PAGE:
Remembering the first SEC championship game

Kris Mangum and his wife Mary Ellen. (Photo submitted)

Magnolia State Bank president Mangum suited up for unbeaten Alabama in 1992 game in Birmingham

The 26th Southeastern Conference football championship will be played today (Saturday) as Auburn will take on Georgia in the Mercedes-Benz Stadium in Atlanta.

One of the participants in the first game of the newly formatted Southeastern Conference — the brainchild of then-Commissioner Roy Kramer — was Magnolia State Bank CEO Kris Mangum. He was a freshman tight end and special teams player for the Crimson Tide, who played Florida in the inaugural game in 1992. Mangum said that it was just another game to him.

“The game was in Birmingham, and we had played three games already at Legion Field and felt like it was just another home game. We felt comfortable in the venue,” said Mangum.

His coach, Gene Stallings, was not at all comfortable with the first championship game. Stallings actually called Commissioner Kramer.

“We are 11-0, and we have not won anything. Why are we playing this game?” said Stallings in his rant to Kramer. Many of the veteran Tide players also questioned why they were singled out when no other conference had this setup.

That was before the SEC championship game became a fixture that millions tune into every year, for the SEC is considered the most elite football conference in college football. The league, however, almost never got off the ground but for the persistence of Kramer.

He was like most college football fans at the time and he wanted to pit the best two teams in a final bowl game every year to give the fans a true national champion.

For the previous 50 years in college football, only eight times had the top two teams actually met in a bowl game. Kramer had a vision for college football from the time he entered office in 1990 as SEC commissioner. His first step in making his plan come true was to expand the 10-team SEC to 12 schools by adding South Carolina and Arkansas.

This expansion broadened the SEC fan base in two more Southern states. After securing the two new members, he then made a pitch to host an SEC title game to the league presidents. Change is tough for many, and playing another game that in the end could cost them a possible national championship was not to the liking of the SEC head coaches. Most of the college football experts outside of the SEC thought the change was absurd.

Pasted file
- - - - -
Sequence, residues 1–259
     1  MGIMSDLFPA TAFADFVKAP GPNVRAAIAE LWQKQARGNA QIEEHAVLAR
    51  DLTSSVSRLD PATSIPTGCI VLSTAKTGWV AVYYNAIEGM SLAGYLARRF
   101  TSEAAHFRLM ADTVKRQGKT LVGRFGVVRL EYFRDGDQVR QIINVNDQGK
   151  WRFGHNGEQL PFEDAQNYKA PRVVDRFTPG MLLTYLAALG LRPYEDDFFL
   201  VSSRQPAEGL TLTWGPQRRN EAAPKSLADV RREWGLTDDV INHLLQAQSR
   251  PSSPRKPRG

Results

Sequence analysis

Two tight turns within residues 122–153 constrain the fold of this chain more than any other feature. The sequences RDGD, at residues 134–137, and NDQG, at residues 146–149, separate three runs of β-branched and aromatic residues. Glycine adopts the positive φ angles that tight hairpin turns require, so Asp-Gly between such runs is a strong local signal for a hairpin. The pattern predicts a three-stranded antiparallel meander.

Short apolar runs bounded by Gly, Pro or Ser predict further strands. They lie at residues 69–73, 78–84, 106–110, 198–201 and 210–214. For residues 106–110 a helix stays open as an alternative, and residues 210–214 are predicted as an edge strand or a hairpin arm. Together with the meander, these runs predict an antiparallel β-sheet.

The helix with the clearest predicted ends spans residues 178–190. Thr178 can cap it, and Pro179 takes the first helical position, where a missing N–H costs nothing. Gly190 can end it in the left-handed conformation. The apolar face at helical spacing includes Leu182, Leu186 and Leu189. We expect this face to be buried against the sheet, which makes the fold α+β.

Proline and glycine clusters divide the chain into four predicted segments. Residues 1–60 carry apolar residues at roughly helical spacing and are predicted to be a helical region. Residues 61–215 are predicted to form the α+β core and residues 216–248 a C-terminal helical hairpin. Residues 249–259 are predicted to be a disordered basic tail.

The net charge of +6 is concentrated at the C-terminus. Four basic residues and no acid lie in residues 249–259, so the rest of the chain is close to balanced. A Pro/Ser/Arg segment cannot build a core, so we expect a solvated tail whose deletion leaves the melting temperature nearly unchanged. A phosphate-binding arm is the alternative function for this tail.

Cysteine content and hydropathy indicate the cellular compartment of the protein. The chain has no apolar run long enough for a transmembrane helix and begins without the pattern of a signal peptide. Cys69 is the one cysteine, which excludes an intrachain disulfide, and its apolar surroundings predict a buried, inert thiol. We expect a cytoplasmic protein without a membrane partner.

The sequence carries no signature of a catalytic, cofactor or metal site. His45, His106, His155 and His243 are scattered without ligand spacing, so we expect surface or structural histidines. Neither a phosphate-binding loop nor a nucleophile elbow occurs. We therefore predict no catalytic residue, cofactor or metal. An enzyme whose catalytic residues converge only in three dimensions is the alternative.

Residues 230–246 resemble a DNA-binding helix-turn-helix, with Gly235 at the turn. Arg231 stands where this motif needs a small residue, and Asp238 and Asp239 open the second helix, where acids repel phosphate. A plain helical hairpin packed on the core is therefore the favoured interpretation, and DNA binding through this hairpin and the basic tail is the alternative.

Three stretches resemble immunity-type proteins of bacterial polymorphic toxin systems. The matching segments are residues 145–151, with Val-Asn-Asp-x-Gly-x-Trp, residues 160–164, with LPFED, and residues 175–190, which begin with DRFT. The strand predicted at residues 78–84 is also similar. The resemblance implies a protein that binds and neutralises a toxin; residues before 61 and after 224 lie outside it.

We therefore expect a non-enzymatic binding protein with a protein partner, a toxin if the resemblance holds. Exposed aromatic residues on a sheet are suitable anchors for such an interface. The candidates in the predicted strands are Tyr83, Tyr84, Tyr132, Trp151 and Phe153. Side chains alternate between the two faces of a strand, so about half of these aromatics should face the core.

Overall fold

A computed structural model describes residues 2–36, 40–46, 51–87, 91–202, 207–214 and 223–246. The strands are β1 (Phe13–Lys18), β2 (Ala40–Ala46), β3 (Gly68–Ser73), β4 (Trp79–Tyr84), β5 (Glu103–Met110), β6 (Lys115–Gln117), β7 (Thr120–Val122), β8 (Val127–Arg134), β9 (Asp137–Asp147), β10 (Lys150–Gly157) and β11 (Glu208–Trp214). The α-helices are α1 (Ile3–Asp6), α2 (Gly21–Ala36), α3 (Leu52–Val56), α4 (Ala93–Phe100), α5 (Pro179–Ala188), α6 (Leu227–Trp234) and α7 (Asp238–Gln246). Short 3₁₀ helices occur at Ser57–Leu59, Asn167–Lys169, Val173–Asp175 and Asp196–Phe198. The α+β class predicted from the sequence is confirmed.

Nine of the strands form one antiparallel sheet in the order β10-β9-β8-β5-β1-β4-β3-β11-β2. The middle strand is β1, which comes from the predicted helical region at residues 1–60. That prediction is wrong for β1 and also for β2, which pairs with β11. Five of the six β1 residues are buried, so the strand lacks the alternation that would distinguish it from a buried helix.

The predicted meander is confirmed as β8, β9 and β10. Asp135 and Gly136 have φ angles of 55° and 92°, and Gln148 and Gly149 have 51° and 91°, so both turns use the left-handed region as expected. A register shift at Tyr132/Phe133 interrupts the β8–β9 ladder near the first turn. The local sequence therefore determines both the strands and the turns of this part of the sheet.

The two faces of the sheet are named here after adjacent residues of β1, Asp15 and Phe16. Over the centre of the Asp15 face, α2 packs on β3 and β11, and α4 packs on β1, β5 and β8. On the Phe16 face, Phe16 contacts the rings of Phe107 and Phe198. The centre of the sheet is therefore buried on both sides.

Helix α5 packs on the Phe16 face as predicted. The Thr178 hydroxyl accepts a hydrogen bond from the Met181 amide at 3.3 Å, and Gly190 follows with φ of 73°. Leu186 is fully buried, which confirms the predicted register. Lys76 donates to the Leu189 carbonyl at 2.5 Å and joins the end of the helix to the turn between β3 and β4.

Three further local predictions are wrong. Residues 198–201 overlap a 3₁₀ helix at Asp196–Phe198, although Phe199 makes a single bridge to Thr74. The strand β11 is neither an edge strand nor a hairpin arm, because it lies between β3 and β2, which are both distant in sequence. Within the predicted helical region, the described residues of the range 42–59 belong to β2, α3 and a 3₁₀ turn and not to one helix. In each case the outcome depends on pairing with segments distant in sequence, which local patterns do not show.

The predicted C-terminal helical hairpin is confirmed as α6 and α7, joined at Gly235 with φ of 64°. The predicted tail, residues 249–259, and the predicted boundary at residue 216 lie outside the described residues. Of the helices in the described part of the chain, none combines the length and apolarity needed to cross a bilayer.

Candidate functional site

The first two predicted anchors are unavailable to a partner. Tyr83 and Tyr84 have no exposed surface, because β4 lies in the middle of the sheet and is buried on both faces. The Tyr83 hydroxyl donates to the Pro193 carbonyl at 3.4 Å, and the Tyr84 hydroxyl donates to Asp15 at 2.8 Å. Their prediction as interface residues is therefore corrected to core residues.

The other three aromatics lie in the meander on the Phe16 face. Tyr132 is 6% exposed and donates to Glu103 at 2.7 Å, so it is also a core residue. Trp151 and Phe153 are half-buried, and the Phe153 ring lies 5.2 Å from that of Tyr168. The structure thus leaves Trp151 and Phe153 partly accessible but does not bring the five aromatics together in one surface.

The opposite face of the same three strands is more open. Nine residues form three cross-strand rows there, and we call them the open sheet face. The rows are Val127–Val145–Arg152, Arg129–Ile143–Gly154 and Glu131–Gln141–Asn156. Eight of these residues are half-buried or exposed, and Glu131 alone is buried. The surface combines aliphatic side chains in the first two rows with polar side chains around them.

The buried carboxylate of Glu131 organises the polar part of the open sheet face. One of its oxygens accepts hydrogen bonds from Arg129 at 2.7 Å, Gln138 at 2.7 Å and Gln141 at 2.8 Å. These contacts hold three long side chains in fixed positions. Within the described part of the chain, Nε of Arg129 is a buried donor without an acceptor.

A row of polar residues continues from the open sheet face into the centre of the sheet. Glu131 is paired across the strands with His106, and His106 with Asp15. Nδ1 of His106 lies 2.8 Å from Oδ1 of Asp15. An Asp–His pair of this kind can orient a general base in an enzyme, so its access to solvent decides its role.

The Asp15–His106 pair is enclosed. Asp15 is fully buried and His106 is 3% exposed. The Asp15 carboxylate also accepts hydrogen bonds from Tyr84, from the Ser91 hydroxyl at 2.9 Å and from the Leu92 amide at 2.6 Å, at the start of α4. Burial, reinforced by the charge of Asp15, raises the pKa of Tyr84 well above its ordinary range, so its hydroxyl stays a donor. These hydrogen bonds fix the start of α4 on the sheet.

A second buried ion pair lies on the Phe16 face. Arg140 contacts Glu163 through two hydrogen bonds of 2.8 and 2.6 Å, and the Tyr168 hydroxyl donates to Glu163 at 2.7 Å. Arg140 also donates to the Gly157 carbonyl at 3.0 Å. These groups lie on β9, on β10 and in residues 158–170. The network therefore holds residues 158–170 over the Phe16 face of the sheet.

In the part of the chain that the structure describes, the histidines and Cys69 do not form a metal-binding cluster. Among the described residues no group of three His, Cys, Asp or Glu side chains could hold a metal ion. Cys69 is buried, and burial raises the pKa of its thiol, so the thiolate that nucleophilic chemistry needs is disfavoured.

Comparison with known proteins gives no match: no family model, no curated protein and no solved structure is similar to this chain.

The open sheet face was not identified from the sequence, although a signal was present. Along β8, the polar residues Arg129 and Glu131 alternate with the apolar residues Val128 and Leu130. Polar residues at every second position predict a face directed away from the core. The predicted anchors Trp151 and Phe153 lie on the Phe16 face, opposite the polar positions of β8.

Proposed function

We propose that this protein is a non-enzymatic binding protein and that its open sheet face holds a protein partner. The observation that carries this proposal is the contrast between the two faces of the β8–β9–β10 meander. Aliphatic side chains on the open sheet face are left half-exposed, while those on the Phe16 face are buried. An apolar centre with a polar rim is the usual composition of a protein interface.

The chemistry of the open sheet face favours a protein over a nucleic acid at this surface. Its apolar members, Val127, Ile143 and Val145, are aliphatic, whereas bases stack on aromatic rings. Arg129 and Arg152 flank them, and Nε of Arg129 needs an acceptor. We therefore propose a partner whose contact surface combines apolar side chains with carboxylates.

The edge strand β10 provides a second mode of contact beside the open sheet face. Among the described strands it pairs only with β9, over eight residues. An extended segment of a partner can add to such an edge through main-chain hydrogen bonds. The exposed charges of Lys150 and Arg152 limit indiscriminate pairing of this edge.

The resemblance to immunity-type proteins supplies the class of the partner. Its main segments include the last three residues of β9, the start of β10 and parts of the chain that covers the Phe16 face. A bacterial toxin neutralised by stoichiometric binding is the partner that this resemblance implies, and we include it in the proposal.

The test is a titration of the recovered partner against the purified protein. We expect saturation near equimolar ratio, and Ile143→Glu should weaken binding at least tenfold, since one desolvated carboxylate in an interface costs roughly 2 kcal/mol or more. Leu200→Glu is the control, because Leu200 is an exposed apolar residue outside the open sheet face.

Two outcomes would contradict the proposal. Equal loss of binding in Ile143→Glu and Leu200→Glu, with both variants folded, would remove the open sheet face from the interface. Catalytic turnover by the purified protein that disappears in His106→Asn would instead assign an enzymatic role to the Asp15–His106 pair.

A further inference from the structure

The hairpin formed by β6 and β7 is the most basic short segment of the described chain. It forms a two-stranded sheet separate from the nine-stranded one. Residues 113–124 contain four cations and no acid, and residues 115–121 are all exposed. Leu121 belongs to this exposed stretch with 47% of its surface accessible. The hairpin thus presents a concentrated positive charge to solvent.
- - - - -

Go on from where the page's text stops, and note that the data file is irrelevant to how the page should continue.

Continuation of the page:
Kramer was truly trying to promote the SEC and college football together. He thought that the money generated from this one game would help his conference members pay for several of the non-revenue sports that were required by Title IX. He went ahead and made a deal with ABC-TV to air the game. The game would generate three times as much money as the Sugar Bowl ever did. Last year, the SEC gave each school $40.4 million while back in 1991 the schools were given only $1.5 million.

Another of Kramer’s ideas was a new league format of divisions. The SEC would be split into an Eastern and Western Division, with six teams in each league. Auburn coach Pat Dye wanted his Tigers to be located in the Eastern Division away from Alabama, but Kramer did not want Alabama and Auburn to play back-to-back weeks since both played each other in the final regular-season game.

Even though the SEC game was played in Birmingham for the first couple years, Kramer made another bold move by changing the venue to Atlanta and the recently demolished Georgia Dome.

The college football experts around the country chimed in, questioning why the SEC would choose to play an extra game when nobody else was.

Kramer risked his reputation on this one game. Thankfully for him, Alabama won the game in the final three minutes, 28-21, as Antonio Langham intercepted a Shane Matthews pass and returned it for the winning points. The game still has the largest attendance record in SEC Championship history and is still one of the five most watched games. Florida and Alabama are regulars at the SEC championship game with a dozen appearances between them.

Alabama went on to defeat top-ranked Miami, 34-13, in the Sugar Bowl to become the first 13-0 national champion in its 100th year of football. The Canes came into the game with a 29-game winning streak and were heavily favored, although Alabama had itsown 21-game winning streak.

“The SEC championship game really prepared us for the Sugar Bowl because we were prepared for the media hype,” said Mangum.

Mangum says what stood out about the 1992 Alabama team was the Tide’s defensive unit.

“I think it was one of the best ever in college football. We had two first-round draft picks and several others drafted by the NFL,” Mangum said. The team allowed only 9.2 points per game. Mangum says the George Teague defensive play against Lamar Thomas in the Sugar Bowl defined the season. It is still one of the top plays in Crimson Tide history.

Mangum played for the Tide only one season before transferring to Ole Miss to complete his eligibility. He finished his career as an All-American tight end. At Ole Miss he was voted the best offensive lineman in the SEC. The Magee native went on to play 10 years in the NFL for the Carolina Panthers. Coinciding with the 25th anniversary of the first SEC championship game, he represented Ole Miss last year as its SEC Legend.

“It came full circle for me. Seeing how the event has changed was a wonderful experience,” said Mangum.

He and wife Mary Ellen have four children: Ally, Molly, Macy, and Kris Junior. They live in Petal.

After a standout college career, he played in the 2004 Super Bowl. His Panthers lost to Tom Brady and New England, 32-29, in the final seconds.

He led all SEC tight ends in catches his senior year.

Mangum started his banking career in 2009 with Magnolia State Bank in Petal.

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